In order of most contemporary, most-fantasy-like, to farther-future and more sf-like (note: I am not a good student of science and my games are not going to be very realistic or grounded in good science no matter what the setting is):
* "Among Titans": The PCs are members of a race of titans. Titans look like humans, but have considerable personal power. They are virtually immortal: they do not age beyond adulthood, are nearly indestructible, immune to exposure and almost immune to starvation. (They do need food, but their metabolisms are highly adjustable and they can hibernate to conserve energy if necessary). They also have other magical gifts that I'll elaborate upon if I actually run the game. :) In the setting, humans outnumber titans about 10 to 1, but humans are almost entirely in service to titans and have few rights in titan society. There are no known independent human nations, only titan ones, because the titans conquered the human nations a long time ago, since the humans are incapable of posing a threat to the titans. Titans can hurt other titans, but generally only in hand-to-hand combat, where a titan's incredible personal strength can be employed to overcome the opposing titan's durability. The social order is vaguely feudal, with titans in lieu of nobles and humans in lieu of serfs.
A terrible calamity is creeping up on the titans, however: some force, be it disease or magic, is striking down titans -- turning them as weak and helpless as a human. The story will revolve around what this menace is and what the PCs do about it.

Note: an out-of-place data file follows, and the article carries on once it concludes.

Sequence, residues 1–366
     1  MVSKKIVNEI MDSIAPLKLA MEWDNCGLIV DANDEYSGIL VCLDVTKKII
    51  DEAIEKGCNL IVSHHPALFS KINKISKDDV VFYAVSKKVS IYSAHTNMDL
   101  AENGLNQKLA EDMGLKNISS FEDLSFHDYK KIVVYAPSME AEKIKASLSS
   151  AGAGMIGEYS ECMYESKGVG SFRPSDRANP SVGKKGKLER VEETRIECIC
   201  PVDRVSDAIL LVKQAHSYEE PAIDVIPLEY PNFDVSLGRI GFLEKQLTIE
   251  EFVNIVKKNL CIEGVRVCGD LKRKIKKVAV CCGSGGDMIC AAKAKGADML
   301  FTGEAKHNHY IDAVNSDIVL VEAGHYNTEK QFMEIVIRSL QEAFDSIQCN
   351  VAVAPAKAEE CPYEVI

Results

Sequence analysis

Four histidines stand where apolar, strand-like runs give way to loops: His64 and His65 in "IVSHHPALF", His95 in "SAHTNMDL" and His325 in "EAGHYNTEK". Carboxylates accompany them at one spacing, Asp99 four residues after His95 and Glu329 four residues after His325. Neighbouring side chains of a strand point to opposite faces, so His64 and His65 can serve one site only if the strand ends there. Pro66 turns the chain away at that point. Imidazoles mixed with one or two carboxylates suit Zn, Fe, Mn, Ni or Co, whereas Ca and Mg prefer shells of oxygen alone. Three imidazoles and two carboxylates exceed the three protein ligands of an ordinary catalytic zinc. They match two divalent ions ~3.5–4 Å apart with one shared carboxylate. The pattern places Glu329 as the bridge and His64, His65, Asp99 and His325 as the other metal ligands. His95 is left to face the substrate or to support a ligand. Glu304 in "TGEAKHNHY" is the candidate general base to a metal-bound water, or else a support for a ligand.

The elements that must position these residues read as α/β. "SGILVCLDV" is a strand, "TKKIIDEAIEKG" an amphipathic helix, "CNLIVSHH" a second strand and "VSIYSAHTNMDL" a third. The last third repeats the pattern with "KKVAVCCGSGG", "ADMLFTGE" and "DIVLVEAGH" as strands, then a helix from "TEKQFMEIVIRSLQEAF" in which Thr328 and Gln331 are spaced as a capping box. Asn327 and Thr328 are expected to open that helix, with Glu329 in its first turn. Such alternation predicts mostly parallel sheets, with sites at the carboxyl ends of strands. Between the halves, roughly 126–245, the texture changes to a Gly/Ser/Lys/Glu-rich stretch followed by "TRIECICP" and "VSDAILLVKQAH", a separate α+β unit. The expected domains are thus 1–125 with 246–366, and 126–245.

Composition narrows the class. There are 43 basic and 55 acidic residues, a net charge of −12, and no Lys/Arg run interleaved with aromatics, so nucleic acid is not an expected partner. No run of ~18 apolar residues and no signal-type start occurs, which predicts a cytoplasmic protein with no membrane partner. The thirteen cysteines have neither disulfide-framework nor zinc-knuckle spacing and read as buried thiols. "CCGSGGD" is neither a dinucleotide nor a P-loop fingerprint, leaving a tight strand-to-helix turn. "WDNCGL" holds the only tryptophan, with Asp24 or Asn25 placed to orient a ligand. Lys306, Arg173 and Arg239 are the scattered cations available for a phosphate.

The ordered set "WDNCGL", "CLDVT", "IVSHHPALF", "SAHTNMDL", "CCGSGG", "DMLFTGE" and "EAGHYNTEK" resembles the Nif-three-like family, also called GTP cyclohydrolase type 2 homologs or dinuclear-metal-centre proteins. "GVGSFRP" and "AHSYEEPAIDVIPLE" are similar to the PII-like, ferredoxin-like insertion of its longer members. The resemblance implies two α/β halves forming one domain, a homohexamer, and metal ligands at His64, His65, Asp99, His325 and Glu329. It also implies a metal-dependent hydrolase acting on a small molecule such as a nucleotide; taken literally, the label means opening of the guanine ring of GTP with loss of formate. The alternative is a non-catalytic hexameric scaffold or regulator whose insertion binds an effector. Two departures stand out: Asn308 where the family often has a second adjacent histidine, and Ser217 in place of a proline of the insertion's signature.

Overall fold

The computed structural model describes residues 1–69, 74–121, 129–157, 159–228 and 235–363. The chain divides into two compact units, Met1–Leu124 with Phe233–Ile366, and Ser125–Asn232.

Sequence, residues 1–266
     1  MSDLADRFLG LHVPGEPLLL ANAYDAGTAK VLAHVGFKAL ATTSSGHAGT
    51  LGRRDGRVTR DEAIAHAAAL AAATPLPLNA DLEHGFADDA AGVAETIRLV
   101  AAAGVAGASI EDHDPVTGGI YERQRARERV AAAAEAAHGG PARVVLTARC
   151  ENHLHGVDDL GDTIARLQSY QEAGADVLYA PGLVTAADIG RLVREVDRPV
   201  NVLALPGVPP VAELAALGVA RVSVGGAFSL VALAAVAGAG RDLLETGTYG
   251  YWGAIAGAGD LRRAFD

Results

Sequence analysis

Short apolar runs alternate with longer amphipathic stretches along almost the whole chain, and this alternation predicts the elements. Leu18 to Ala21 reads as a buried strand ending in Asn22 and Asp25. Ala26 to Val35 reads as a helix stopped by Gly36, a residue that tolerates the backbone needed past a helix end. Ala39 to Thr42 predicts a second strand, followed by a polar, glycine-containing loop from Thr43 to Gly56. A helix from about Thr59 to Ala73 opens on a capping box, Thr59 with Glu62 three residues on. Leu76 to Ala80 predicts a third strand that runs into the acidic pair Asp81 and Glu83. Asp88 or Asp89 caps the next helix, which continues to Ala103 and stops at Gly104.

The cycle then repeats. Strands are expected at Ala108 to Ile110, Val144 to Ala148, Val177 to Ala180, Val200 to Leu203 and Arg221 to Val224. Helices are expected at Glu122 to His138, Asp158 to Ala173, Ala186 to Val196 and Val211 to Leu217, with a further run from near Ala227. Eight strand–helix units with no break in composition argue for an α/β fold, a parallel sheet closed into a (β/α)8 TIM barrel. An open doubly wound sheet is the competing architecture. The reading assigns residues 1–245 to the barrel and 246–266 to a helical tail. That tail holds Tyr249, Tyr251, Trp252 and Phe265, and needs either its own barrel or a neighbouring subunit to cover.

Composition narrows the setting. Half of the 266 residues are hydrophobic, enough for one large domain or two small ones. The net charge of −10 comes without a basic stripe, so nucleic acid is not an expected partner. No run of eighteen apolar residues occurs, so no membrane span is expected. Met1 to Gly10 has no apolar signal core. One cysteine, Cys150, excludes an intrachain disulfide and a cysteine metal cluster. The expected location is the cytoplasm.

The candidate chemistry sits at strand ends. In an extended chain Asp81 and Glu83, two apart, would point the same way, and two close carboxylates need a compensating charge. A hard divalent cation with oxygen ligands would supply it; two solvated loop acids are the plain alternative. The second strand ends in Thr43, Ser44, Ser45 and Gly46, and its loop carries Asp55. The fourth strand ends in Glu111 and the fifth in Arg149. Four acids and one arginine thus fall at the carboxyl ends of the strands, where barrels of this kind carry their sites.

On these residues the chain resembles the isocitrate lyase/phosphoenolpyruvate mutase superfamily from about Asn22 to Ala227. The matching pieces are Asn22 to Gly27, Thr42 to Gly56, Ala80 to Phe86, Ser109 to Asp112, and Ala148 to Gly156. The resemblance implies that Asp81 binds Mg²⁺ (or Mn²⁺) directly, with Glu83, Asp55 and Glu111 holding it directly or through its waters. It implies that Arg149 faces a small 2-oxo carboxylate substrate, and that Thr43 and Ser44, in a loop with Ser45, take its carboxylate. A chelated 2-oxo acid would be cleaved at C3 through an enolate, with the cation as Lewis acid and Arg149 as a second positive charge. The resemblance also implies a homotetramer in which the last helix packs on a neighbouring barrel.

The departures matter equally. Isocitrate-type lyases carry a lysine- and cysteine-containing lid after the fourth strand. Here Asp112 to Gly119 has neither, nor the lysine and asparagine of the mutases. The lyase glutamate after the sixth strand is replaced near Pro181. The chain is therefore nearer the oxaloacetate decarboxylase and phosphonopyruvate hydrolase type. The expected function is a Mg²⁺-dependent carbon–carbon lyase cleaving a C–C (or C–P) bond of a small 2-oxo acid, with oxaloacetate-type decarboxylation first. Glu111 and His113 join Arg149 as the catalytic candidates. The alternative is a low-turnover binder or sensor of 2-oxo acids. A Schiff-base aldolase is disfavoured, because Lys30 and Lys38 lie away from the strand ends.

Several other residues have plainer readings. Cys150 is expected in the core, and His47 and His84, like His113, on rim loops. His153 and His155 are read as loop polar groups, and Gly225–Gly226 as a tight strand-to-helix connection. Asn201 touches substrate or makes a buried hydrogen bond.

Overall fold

This is an anime-inspired game: not by the plots of anime but by the tendency of anime characters to swing really big swords around even though guns are readily available. A titan wouldn't use a gun except as a toy, because anything that could threaten a titan (normally) would be immune to gunfire -- but probably not immune to a sword-wielding titan.
* "Wonderland": I've wanted to do a wonderland-style game since I saw "Spirited Away" several years ago. Like other stories of its genre, the game would revolve around a person from the real world entering a fairy-tale wonderland. There'd be one PC playing the newcomer, and the rest of the PCs would be natives to the land. The feel would be similar to Alice in Wonderland, or Neverwhere, or Spirited Away, of a land that is mythic and unreal in style; it would follow its own rules (or, sometimes, break them) but not be explicable in a normal sense. As opposed to the even more popular subgenre of 'normal person falls into a medieval fantasy world'.
* "Terrible Butterflies": I give you Bard's original synopsis, which hooked me back in January: